Burberry delivered its preliminary results for the year to 28th March with 27% decline in Q4 comparable store sales.
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“We have a strong balance sheet and liquidity, with space for investment when markets recover. We have found new ways to strengthen our connection with consumers, drawing on our digital leadership. We have also mobilised our resources in support of the relief efforts. It will take time to heal but we are encouraged by our strong rebound in some parts of Asia and are well-prepared to navigate through this period. Now, more than ever, our strategy to secure our position in luxury fashion is key. I would like to thank our teams for their dedication and leadership during these challenging times.” Marco Gobbetti, Chief Executive Office
FY 2020 was the second year of Burberry’s journey to transform. The focus in this first phase was on re-energising the brand, aligning distribution to new positioning in luxury fashion and establishing a new product offering. Against these objectives, Burberry made strong progress in the year. However, from late January 2020 the outbreak of COVID-19 had a material negative effect on consumer demand. It took rapid action to implement mitigating actions to ensure the safety and well-being of people and limit the financial and operational impact on the business.
Since late January, Burberry’s business has been very materially impacted by the outbreak of COVID-19. In revenue terms, most of the losses in February were in Asian markets. At peak, the majority of the stores in Mainland China were closed and those that remained open operated with reduced hours amid very significant declines in footfall. Towards the end of the year, trading in Mainland China started to improve with the reopening of all stores. However, footfall in other parts of Asia, including Hong Kong S.A.R, remained materially weaker throughout.
EMEIA and the Americas also suffered very significant losses in the last three weeks of the year. By the end of March, in line with government guidelines, all of the stores in these regions were closed with only the digital part of business open for trading.
Burberry also saw disruption across the supply chain. Leather-goods centre of excellence, Burberry Manifattura, and trench coat factory in Castleford, Yorkshire closed in March. Major global distribution centre also closed in Italy in March, with American and UK logistics hubs reducing hours but remaining open to service digital business. Supply chain is reshaped to enable a continued service to those parts of the world that remained open.
In order to limit the impact of the outbreak on the business, Burberry implemented mitigating actions to contain costs and protect financial position. These included renegotiating rents, restricting recruitment, travel and other discretionary spending.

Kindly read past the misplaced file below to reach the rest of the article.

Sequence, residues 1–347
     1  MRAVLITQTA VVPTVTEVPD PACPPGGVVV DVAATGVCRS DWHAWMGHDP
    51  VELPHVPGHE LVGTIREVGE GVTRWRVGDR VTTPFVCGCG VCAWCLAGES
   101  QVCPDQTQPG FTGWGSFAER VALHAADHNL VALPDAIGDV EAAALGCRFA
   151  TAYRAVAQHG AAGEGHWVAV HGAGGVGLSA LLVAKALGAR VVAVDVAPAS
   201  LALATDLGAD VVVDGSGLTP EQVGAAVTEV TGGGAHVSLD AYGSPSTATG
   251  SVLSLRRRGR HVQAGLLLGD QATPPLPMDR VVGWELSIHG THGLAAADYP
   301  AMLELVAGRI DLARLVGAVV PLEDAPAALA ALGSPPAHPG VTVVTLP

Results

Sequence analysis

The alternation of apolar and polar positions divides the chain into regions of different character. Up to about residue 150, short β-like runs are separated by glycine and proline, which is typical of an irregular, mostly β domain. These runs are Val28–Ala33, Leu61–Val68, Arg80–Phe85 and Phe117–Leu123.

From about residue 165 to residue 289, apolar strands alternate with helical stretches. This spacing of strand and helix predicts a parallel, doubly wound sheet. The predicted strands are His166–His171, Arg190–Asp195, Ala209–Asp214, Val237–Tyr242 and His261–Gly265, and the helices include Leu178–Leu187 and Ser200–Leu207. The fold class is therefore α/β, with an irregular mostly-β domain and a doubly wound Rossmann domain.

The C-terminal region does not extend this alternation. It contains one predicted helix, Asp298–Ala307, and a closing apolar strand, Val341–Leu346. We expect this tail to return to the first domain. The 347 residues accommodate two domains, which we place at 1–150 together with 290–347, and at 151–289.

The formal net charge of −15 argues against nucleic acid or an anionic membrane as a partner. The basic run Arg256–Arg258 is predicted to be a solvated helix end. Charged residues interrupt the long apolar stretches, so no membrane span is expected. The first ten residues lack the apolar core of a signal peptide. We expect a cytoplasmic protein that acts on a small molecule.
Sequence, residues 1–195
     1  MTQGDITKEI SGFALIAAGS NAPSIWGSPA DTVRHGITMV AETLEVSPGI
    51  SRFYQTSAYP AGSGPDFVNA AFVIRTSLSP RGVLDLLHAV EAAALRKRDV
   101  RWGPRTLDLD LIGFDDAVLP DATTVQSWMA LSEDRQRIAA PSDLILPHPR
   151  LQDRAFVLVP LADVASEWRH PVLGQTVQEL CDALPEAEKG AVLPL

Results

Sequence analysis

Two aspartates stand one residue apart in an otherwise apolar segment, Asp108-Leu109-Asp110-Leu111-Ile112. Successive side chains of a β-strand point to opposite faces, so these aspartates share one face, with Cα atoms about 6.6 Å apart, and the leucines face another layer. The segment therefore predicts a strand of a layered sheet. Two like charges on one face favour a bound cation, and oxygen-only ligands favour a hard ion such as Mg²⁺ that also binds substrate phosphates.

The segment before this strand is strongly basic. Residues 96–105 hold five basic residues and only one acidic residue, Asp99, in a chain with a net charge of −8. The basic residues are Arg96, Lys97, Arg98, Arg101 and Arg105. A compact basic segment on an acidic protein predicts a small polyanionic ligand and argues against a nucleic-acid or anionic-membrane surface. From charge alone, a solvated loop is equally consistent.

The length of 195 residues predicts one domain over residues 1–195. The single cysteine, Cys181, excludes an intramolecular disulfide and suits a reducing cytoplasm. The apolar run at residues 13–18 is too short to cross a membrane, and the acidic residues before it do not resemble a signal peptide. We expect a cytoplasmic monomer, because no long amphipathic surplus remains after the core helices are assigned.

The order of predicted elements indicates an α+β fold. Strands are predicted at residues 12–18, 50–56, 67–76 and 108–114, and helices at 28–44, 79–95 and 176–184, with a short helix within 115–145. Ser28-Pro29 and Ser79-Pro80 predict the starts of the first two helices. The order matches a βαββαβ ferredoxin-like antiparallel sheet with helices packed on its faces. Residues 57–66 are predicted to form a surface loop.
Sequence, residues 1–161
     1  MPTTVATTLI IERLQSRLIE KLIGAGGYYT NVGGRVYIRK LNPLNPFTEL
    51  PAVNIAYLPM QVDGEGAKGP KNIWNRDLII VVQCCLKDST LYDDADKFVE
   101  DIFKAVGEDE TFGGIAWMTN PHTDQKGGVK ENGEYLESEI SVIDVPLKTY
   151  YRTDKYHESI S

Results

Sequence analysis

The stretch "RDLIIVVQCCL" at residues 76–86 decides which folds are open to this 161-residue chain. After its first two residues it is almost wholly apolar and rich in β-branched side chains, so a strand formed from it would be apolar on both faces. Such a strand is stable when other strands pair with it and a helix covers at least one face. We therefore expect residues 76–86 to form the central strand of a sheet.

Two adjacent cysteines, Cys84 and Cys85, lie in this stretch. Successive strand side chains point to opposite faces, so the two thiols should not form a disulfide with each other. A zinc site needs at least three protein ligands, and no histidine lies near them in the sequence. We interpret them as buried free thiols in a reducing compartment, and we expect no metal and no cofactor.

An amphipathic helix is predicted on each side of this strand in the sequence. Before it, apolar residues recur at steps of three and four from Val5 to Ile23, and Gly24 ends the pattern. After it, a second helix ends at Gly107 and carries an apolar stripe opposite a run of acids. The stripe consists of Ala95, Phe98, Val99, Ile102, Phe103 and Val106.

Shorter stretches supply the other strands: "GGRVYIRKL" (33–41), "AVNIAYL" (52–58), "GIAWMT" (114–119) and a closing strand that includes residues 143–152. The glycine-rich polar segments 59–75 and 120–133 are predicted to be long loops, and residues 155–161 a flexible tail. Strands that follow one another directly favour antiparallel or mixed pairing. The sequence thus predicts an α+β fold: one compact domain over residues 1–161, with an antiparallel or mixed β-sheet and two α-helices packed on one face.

Burberry also leveraged digital platform to continue to connect with customers that were unable to visit stores. This included bringing products to clients through remote selling and roadshows, live streaming events from stores and creating immersive experiences.
During the year, the increased proportion of new product in stores underpinned an improvement in comparable retail store sales growth to +4% for the first three quarters of the year, despite headwinds from the considerable disruptions in Hong Kong S.A.R from August 2019.
Following the end of January 2020, trading deteriorated significantly, impacted by store closures, reduced operating hours and significant footfall declines. As a result, Q4 comparable store sales declined 27% and full year comparable store sales declined -3%. Total revenue including wholesale and licensing channels declined -4% at CER.
Group adjusted pro forma operating profit declined 8% in the year at CER, partially protected by cost mitigation. Reported operating profit declined 57%, predominantly due to the impact of adjusting items relating to the COVID-19 pandemic.
Burberry generated free cash flow of £66m in the year, below the prior year level of £301m. This predominantly reflected a reduction in profits, an increase in working capital, a year on year increase in capital investment of around £40m, as guided and tax payments of £150m (2019: £111m) primarily reflecting the accelerated timing of UK tax payments.
As at 28th March 2020, Burberry had cash balances of £887m (2019: £837m), which included the cash proceeds from the drawdown of a £300m revolving credit facility (RCF).
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In terms of leverage, it had £0.5bn of net debt (including lease liabilities), equating to a net debt (including lease liabilities) to EBITDA ratio of 0.7x, well within its targeted range of 0.5x to 1.0x. Burberry’s position is also well within the RCF covenants. In addition, since the year end, it have secured funding of £300m under the UK Government sponsored COVID Corporate Financing Facility (CCFF) to mid-March 2021.